Now that I’ve done it, I don’t know why in my thirty-year cooking career I had never cooked octopus.
It all started this summer when a friend of ours who had just been to Barcelona found out we were going and wanted to drop off a helpful packet of maps, brochures, and restaurant recommendations.
As he talked about his time exploring this funky city, octopus kept coming up. How much he had enjoyed it. How he’d wished he’d bought the special wooden tapas plates for serving pulpo a la gallega, or Galician-style octopus. Had I ever cooked it? What was the best way? Was it like squid that had to be cooked either hot and quick or slow and low? And then there was all this octopus folklore. That you needed to beat it, freeze it, or cook it with a cork for it to get tender.
But that was back in early June before I had ever cooked octopus or experienced Barcelona. And then we went on vacation where our last few days in Europe happily intersected with Sharon and Anthony’s time in Barcelona on their month-long honeymoon in Spain.
We tapas hopped a couple of nights, and naturally I was interested in Bar Celta Pulperia, a tapas spot that specializes in octopus. We ordered the pulpo (which came on those special wooden plates!) and a round of their house white, which they served in porcelain bowls. It was ten o’clock and our first stop of the night. The octopus was succulent and tender, the wine pleasant and crisp. I wanted more, but it was time to move on. That’s when I knew I would learn to cook this beast.
It took me until Labor Day weekend, but I finally cooked my first octopus. I confirmed the local seafood market had one. When I arrived, he hands me a six pounder—it’s all they’ve got, and I happily take it.
Simmering the octopus over low heat seemed to be the most common cooking method, so I started there. Since it was so big, I decided to simmer the octopus in a roasting pan, covering it with water to which I had added a few basic aromatics. But once the octopus started to cook, it seized up, causing it to rise above the cooking liquid.
To solve the problem, I cut the octopus into pieces—tentacles, body, and head—and continued to cook it until tender, which took about two hours. I removed its gelatinous covering and threw it on the grill, drizzling it with olive oil and lemon juice a sprinkling of parsley when it came off. Though I hadn’t discovered the perfect method yet, the octopus had gotten tender, and everyone one loved it.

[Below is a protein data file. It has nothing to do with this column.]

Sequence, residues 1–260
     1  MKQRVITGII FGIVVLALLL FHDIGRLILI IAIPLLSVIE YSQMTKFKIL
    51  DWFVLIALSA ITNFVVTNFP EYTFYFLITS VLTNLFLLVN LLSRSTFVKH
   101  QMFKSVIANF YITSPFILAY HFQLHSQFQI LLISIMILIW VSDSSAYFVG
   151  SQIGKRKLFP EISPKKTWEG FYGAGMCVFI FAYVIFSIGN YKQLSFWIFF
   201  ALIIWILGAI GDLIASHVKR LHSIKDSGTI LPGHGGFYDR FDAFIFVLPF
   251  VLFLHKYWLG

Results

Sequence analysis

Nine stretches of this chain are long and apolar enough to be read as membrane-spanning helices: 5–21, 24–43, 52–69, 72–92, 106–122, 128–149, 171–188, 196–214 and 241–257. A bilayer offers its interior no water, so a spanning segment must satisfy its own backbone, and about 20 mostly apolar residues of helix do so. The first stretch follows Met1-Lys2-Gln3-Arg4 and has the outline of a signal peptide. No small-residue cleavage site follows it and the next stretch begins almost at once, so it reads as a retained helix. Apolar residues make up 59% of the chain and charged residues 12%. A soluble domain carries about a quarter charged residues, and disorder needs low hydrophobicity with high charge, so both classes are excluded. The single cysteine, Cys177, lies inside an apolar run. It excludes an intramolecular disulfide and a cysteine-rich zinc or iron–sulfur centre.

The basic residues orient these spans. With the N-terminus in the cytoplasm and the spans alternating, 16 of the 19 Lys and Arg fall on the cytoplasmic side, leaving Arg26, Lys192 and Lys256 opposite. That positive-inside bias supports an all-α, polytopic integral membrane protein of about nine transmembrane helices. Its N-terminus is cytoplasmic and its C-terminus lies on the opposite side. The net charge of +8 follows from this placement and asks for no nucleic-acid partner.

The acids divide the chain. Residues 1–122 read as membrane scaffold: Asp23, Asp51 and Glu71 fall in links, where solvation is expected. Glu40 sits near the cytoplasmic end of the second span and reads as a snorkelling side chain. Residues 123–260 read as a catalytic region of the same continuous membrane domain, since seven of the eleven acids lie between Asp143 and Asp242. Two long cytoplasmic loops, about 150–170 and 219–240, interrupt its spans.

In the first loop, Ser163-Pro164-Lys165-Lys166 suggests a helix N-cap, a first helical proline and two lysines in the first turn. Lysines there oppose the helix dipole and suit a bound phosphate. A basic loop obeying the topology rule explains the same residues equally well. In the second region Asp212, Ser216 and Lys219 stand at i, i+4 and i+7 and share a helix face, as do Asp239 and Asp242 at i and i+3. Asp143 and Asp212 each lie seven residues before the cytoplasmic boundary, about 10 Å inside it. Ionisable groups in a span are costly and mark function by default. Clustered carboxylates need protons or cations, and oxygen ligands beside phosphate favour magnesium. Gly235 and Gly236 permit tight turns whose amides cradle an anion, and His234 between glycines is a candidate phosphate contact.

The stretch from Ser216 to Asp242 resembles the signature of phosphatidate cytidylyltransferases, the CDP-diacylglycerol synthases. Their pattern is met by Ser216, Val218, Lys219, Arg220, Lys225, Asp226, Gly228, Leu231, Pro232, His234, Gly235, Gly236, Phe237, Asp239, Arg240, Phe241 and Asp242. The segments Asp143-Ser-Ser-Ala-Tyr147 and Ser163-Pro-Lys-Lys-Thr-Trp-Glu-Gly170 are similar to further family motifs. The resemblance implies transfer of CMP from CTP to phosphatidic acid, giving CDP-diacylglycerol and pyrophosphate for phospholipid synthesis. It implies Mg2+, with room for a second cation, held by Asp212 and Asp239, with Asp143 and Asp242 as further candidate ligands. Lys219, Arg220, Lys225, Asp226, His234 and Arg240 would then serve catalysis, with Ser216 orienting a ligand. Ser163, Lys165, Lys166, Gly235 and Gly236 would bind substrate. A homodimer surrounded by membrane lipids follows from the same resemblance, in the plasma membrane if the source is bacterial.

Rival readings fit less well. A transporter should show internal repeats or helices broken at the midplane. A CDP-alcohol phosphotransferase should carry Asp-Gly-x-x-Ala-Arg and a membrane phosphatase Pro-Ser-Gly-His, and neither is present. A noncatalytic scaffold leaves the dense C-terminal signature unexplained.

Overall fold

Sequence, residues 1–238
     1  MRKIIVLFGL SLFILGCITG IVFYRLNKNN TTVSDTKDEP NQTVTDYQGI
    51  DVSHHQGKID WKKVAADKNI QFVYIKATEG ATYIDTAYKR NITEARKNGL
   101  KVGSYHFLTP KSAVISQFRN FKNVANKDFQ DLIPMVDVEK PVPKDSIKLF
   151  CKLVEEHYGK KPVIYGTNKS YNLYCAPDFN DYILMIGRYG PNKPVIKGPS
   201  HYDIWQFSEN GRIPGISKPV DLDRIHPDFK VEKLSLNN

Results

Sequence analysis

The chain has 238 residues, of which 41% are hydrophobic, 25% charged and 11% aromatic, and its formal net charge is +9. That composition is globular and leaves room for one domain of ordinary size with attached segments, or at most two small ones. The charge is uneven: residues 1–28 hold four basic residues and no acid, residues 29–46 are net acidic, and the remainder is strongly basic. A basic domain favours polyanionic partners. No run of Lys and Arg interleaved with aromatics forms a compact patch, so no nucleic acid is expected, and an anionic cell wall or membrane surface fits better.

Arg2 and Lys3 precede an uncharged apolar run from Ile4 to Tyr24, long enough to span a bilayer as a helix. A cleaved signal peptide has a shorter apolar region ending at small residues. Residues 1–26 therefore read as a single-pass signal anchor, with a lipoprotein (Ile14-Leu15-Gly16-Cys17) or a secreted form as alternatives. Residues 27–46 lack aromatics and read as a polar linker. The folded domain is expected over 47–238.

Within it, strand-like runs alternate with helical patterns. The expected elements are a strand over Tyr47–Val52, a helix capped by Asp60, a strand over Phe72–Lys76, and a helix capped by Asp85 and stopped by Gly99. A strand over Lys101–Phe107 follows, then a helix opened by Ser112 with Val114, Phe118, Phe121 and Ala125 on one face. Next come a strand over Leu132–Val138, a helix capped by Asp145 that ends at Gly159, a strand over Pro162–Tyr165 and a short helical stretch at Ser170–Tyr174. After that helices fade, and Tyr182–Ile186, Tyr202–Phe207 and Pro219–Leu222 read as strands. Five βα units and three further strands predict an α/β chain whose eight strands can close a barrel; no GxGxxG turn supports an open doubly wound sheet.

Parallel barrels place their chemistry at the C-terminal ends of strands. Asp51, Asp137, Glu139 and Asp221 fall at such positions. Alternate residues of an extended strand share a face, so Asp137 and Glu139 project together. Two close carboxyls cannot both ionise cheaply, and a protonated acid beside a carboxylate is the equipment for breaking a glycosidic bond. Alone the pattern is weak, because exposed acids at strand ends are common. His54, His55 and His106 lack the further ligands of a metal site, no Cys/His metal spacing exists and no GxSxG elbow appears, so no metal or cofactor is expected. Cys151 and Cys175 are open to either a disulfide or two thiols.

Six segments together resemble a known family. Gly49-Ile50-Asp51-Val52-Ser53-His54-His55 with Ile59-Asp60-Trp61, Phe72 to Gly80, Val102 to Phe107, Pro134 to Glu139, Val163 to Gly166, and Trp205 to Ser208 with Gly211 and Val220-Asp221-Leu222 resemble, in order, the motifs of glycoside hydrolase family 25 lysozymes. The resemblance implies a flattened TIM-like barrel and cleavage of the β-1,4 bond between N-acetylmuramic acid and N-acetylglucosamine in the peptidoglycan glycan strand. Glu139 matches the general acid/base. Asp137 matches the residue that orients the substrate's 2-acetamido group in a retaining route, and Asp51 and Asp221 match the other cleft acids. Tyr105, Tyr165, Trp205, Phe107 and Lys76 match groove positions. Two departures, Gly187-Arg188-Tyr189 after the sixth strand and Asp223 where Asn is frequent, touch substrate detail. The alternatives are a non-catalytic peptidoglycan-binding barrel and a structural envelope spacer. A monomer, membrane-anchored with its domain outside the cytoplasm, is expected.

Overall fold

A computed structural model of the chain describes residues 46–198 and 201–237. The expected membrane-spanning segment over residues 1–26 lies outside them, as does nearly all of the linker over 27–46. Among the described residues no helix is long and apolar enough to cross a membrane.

A week later it was time to try another. Based on my experience of cooking tough cuts like pork shoulder, I decided to slow cook it in the oven. This time I choose a four-pounder, which had been frozen, and I kept the cooking method uber simple.
I placed the octopus on a rimmed baking sheet, sprinkled it with a little salt, covered it with foil, and put it in a 250-degree oven. That was it. I checked it a couple of times during the process, but right on cue at the two-hour mark, the octopus went from chewy to tender. As before, I cooled it down, stripped off the gelatinous coating, and tossed it on the grill.
The same crowd was there for the second tasting, and they all agreed this one was superior. Was it because it was smaller, or frozen, or because it had essentially stewed in its own juices? I don’t know. Was it necessary to beat the octopus or cook it with a cork? I don’t know that either. All I know is that I cooked an octopus in the most utterly simple way, and it was tender and succulent, and everyone loved it.
Simple Grilled Octopus with Lemon and Parsley
Serves 8 or more as an appetizer
1 octopus (aim for 4 pounds), thawed if frozen
1 tablespoons olive oil
Ground black pepper
2 tablespoons extra-virgin olive oil
1 halved lemon, half cut into wedges
2 tablespoons chopped fresh parsley
Adjust oven rack to lower-middle position and heat oven to 250 degrees. Place octopus on a large rimmed baking sheet, sprinkle with salt, cover with foil, and gently cook until tender when pierced with the thin blade of a sharp paring knife, about 2 hours. Uncover and let stand until cool enough to handle.
Discarding octopus liquid that releases during cooking. Optionally, use fingertips to slip off the octopus’s gelatinous coating. Cut up octopus by removing the tentacles, and then halving the body and head crosswise to make 4 thin cutlets. (Can be covered and refrigerated for a couple of days.)
When ready to serve, prepare a hot grill. If using a gas grill, turn all burners on high until fully preheated, about 10 minutes. Use a wire brush to clean grill rack, and then brush lightly with oil. Coat octopus pieces with the olive oil and sprinkle lightly with salt and pepper. Place on hot rack; cover and grill, turning only once, until spotty brown and tentacle tips char, 4 to 5 minutes.
Transfer octopus to a cutting board, drizzle with extra-virgin olive oil, squeeze with one of the lemon halves, and sprinkle with parsley. Serve with extra lemon wedges, letting each person cut off bite-size pieces.